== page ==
C18:2 (Lipid numbers)
3D model (JSmol)
CompTox Dashboard (EPA)
|Molar mass||280.452 g·mol−1|
|Melting point||−12 °C (10 °F)|
−6.9 °C (19.6 °F)
−5 °C (23 °F)
|Boiling point||229 °C (444 °F) at 16 mmHg|
230 °C (446 °F) at 21 mbar
230 °C (446 °F) at 16 mmHg
|Vapor pressure||16 Torr at 229 °C|
|NFPA 704 (fire diamond)|
|Flash point||112 °C (234 °F)|
Except where otherwise noted, data are given for materials in their standard state (at 25 °C [77 °F], 100 kPa).
|what is ?)(|
Linoleic acid is an organic compound with the formula HO2C(CH2)7CH=CHCH2CH=CH(CH2)3CH3. Both alkene groups are cis. It is a fatty acid sometimes denoted 18:2 (n-6) or 18:2 cis-9,12. A linoleate is a salt or ester of this acid.
Linoleic acid is a polyunsaturated omega-6 fatty acid. It is a colorless or white oil that is virtually insoluble in water but soluble in many organic solvents. It typically occurs in nature as a triglyceride (ester of glycerin) rather than as a free fatty acid. It is one of two essential fatty acids for humans, who must obtain it through their diet.
The consumption of linoleic acid is vital to proper health, as it is an essential fatty acid. In rats, a diet deficient in linoleate (the salt form of the acid) has been shown to cause mild skin scaling, hair loss, and poor wound healing.
Metabolism and eicosanoids
The metabolism of LA to AA begins with the conversion of LA into gamma-Linolenic acid (GLA), effected by Δ6desaturase. GLA is converted to dihomo-γ-linolenic acid (DGLA), the immediate precursor to AA. One of the possible fates of AA is to be transformed into a group of metabolites called eicosanoids during the inflammatory response and during physical activity; eicosanoids are a class of paracrine hormones. The three types of eicosanoids are prostaglandins, thromboxanes, and leukotrienes. Eicosanoids produced from AA tend to promote (not cause) inflammation and promote growth during and after physical activity in healthy humans. For example, both AA-derived thrombaxane and leukotrieneB4 are proaggregatory and vasoconstrictive eicosanoids during inflammation. The oxidized metabolic products of linoleic acid, such as 9-hydroxyoctadecanoic acid and 13-hydroxyoctadecanoic acid, have also been shown to activate TRPV1, the capsaicin receptor, and through this might play a major role in hyperalgesia and allodynia.
LA is also converted by various lipoxygenases, cyclooxygenases, cytochrome P450 enzymes (the CYP monooxygenases), and non-enzymatic autoxidation mechanisms to mono-hydroxyl products viz., 13-Hydroxyoctadecadienoic acid, and 9-Hydroxyoctadecadienoic acid; these two hydroxy metabolites are enzymatically oxidized to their keto metabolites, 13-oxo-octadecadienoic acid and 9-oxo-octadecdienoic acid. Certain cytochrome P450 enzymes, the CYP epoxygenases, metabolize LA to epoxide products viz., its 12,13-epoxide, Vernolic acid, and its 9,10-epoxide, Coronaric acid. These linoleic acid products have bioactivity and are implicated in human physiology and pathology.
Linoleic acid is used in making quick-drying oils, which are useful in oil paints and varnishes. These applications exploit the easy reaction of the linoleic acid with oxygen in air (autoxidation), which leads to crosslinking and formation of a stable film called linoxyn.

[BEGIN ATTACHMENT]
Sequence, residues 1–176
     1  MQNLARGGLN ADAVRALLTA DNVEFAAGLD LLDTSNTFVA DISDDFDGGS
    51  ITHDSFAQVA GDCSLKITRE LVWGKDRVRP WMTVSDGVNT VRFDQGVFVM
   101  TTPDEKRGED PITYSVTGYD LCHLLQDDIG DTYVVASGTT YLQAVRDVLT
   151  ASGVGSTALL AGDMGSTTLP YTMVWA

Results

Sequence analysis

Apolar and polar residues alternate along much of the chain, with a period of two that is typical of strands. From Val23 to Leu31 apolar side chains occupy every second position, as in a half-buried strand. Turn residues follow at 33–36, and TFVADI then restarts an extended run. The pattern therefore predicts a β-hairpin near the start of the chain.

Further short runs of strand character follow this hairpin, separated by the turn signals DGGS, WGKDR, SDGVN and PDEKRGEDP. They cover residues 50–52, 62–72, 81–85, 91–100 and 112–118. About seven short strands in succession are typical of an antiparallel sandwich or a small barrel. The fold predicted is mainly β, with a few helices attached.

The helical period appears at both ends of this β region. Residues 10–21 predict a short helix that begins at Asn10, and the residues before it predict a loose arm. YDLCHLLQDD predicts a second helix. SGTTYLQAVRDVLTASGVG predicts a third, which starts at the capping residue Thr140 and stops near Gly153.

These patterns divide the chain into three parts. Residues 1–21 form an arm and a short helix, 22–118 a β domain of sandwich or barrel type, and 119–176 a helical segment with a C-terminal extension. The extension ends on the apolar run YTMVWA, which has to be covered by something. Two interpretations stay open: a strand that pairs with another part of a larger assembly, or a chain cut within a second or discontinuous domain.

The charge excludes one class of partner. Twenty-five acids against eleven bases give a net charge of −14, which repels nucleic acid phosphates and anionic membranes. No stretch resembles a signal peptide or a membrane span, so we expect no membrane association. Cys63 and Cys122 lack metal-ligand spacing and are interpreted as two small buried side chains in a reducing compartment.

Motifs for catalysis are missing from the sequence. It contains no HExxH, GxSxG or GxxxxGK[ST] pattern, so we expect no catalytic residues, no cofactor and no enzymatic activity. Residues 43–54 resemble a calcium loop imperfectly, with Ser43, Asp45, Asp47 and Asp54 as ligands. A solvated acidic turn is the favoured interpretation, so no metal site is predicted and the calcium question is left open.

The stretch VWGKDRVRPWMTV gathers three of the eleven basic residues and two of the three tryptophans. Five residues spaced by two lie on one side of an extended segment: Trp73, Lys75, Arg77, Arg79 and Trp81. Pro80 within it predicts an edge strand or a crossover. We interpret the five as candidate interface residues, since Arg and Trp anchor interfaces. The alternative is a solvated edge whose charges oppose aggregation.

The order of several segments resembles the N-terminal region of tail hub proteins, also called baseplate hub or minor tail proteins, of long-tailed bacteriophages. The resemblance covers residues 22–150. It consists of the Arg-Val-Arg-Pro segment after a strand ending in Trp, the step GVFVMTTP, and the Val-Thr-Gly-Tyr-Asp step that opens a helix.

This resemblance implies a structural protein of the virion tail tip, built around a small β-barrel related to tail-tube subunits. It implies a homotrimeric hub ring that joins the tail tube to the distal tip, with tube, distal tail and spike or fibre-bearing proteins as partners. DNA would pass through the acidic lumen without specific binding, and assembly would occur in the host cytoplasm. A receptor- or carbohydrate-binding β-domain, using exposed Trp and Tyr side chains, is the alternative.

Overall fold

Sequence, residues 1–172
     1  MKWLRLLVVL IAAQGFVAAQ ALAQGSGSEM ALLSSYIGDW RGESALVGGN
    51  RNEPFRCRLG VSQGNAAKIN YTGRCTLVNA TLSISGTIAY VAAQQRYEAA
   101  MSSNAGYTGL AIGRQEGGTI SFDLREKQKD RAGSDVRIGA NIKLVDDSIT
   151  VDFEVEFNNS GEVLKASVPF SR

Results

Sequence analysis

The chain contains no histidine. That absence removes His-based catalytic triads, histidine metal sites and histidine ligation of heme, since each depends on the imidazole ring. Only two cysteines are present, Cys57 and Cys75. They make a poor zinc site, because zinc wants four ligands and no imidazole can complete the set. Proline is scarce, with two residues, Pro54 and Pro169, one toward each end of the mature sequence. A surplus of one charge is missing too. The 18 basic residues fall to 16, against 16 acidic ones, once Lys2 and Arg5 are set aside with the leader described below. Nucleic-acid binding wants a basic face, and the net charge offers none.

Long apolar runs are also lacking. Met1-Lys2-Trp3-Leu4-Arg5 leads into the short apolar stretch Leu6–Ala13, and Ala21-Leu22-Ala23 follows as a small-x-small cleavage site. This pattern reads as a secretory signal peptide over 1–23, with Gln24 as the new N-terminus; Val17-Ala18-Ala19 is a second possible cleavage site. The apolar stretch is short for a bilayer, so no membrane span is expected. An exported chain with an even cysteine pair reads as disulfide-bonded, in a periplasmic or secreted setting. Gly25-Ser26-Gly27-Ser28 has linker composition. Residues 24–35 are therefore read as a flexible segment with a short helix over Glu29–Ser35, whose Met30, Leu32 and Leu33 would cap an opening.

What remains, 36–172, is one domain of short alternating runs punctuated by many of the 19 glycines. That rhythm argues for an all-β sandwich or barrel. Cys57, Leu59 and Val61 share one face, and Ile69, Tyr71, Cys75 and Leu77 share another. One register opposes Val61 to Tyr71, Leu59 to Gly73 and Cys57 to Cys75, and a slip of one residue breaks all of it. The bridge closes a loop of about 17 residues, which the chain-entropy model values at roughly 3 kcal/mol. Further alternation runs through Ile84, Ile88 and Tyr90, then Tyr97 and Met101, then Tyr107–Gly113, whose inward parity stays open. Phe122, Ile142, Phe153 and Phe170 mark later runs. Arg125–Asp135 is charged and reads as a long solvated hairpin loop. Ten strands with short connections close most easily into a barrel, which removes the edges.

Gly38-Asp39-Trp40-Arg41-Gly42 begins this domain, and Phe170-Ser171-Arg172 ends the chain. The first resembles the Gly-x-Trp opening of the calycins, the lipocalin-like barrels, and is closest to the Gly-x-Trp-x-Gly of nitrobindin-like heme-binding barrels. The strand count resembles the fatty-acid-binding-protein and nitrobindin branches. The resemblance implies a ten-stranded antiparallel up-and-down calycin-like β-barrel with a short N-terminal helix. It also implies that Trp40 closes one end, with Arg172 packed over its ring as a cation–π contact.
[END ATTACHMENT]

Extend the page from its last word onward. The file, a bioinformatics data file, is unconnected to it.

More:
Linoleic acid has become increasingly popular in the beauty products industry because of its beneficial properties on the skin. Research points to linoleic acid's anti-inflammatory, acne reductive, skin-lightening and moisture retentive properties when applied topically on the skin.
Use in research
Linoleic acid lipid radicals can be used to show the antioxidant effect of polyphenols and natural phenols. Experiments on linoleic acid subjected to AAPH induced oxidation of linoleic acid, thus producing lipid radicals; the use of different combinations of phenolics then show that binary mixtures can lead to either a synergetic antioxidant effect, or to an antagonistic effect towards the lipid radicals. Research like this is useful in discovering which phenols prevent the autoxidation of vegetable oils.
|Evening Primrose oil||65-80%|||
|Melon seed oil||70%|
|Grape seed oil||69.6%|
|Prickly Pear seed oil||62.3%|
|Barbary Fig seed oil||65%|
|Wheat germ oil||55%|
|Rice bran oil||39%|
|Linseed oil (flax)||15%|
|Olive oil||10% (3.5 - 21%)|||
Cockroaches release oleic and linoleic acid upon death, which discourages other roaches from entering the area. This is similar to the mechanism found in ants and bees, which release oleic acid upon death.
In 1844, F. Sacc, working at the laboratory of Justus von Liebig, isolated linoleic acid from linseed oil. In 1886, K. Peters determined the existence of two double bonds. Its essential role in human diet was discovered by G. O. Burr and others in 1930. Its chemical structure was determined by T.P. Hilditch and others in 1939, and it was synthesized by R. A. Raphael and F. Sondheimer in 1950.
- Conjugated linoleic acid
- Omega-6 fatty acid: Negative health effects
- Essential fatty acids
- Essential fatty acid interactions
- Essential nutrients
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